California Urges Congress To Reclassify Cannabis

The rescheduling of the drug would enable medical marijuana research and make it possible for marijuana businesses to use traditional banking.

a hand holding a marijuana leaf

The California State Legislature has approved a joint resolutionasking the federal government to remove cannabis from its most dangerous drugs category.

The resolution passed in the California Assembly 60-10 last Thursday (September 14). It previously passed in the California Senate by a vote of 34-2 in April.

The federal government’s five drugs categories—established under the 1970 Controlled Substances Act signed by then-President Richard Nixon—range from Schedule I (most dangerous) to Schedule V.

Cannabis currently resides in Schedule I, alongside heroin, peyote, and LSD. These drugs are defined as having no medical benefit and a high potential for abuse. Opioids like oxycodone and fentanyl are in the lesser Schedule II category.

Marijuana’s Schedule I status inevitably clashes with state governments that have decided amongst themselves to legalize cannabis for medical and/or recreational use.

The California State Legislature’s joint resolution reads: “The Legislature urges the Congress of the United States to pass a law to reschedule marijuana or cannabis and its derivatives from a Schedule I drug to an alternative schedule, therefore allowing the legal research and development of marijuana or cannabis for medical use.”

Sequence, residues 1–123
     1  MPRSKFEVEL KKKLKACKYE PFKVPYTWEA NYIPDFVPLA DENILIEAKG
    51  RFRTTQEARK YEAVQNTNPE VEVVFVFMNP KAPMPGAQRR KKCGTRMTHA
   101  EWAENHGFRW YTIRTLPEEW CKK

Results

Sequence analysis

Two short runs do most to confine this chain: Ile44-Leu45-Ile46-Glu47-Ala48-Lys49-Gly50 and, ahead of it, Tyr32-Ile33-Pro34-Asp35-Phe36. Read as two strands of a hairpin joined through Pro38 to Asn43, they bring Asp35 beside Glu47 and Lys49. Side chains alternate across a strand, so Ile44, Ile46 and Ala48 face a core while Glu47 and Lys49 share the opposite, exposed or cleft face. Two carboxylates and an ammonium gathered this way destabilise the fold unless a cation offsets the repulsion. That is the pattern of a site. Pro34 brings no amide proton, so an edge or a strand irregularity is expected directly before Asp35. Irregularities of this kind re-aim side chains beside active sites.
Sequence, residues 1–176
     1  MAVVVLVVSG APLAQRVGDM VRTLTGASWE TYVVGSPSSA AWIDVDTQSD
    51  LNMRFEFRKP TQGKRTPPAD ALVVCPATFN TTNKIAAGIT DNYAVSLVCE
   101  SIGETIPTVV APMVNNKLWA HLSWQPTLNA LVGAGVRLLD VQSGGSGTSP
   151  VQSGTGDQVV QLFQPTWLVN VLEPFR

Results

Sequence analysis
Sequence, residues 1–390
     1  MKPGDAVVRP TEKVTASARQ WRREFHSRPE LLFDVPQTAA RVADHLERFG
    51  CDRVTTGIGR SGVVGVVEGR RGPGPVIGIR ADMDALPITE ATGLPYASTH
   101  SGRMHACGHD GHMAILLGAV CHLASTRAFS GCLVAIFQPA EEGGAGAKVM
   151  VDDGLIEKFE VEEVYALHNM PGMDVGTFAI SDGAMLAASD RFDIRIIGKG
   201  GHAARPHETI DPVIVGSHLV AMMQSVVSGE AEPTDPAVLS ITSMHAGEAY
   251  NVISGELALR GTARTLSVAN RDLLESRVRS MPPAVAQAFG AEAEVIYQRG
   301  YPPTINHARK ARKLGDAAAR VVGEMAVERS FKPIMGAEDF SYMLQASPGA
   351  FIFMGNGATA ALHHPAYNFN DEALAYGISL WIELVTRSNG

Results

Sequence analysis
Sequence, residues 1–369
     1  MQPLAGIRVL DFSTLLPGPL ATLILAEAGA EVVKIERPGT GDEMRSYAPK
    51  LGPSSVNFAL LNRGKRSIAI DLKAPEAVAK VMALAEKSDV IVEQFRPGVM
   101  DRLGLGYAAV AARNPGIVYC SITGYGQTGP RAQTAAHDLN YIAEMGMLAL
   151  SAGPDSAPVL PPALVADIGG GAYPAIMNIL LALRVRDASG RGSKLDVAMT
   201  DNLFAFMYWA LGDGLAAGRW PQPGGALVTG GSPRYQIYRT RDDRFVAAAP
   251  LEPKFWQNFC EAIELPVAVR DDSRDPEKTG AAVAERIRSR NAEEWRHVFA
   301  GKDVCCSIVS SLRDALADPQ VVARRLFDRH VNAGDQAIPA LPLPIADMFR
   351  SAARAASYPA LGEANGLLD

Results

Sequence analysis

This part of the resolution addresses the barriers to marijuana research that come with marijuana’s Schedule I status. This month, GOP Senator Orrin Hatch of Utah introduced a bill to “improve the process for conducting scientific research on marijuana as a safe and effective medical treatment”—bringing attention back to the less than ideal state of pot research in the U.S.

“It’s high time to address research into medical marijuana,” said the octogenarian senator in a pun-filled press release. “Our country has experimented with a variety of state solutions without properly delving into the weeds on the effectiveness, safety, dosing, administration, and quality of medical marijuana.”

By introducing the MEDS Act (Marijuana Effective Drug Study Act) Hatch and the bill’s co-sponsors hope to “remove the administrative barriers preventing legitimate research into medical marijuana.”

Previous efforts to re-schedule cannabis have so far failed.

Israel, on the other hand, is currently leading in cannabis research.

“In the United States they use recreational marijuana for medical use—that’s like making chicken soup when you have a cold,” Yuval Landschaft, who heads the medical cannabis arm of Israel’s health ministry, told Reuters earlier this year. “We’re the ones making the antibiotics.”

By Victoria Kim